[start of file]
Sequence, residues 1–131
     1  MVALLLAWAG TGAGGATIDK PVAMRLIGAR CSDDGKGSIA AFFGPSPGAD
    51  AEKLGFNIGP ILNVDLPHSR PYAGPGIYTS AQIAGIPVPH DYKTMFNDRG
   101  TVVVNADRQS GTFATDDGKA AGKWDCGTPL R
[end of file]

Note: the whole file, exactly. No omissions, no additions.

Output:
Sequence, residues 1–131
     1  MVALLLAWAG TGAGGATIDK PVAMRLIGAR CSDDGKGSIA AFFGPSPGAD
    51  AEKLGFNIGP ILNVDLPHSR PYAGPGIYTS AQIAGIPVPH DYKTMFNDRG
   101  TVVVNADRQS GTFATDDGKA AGKWDCGTPL R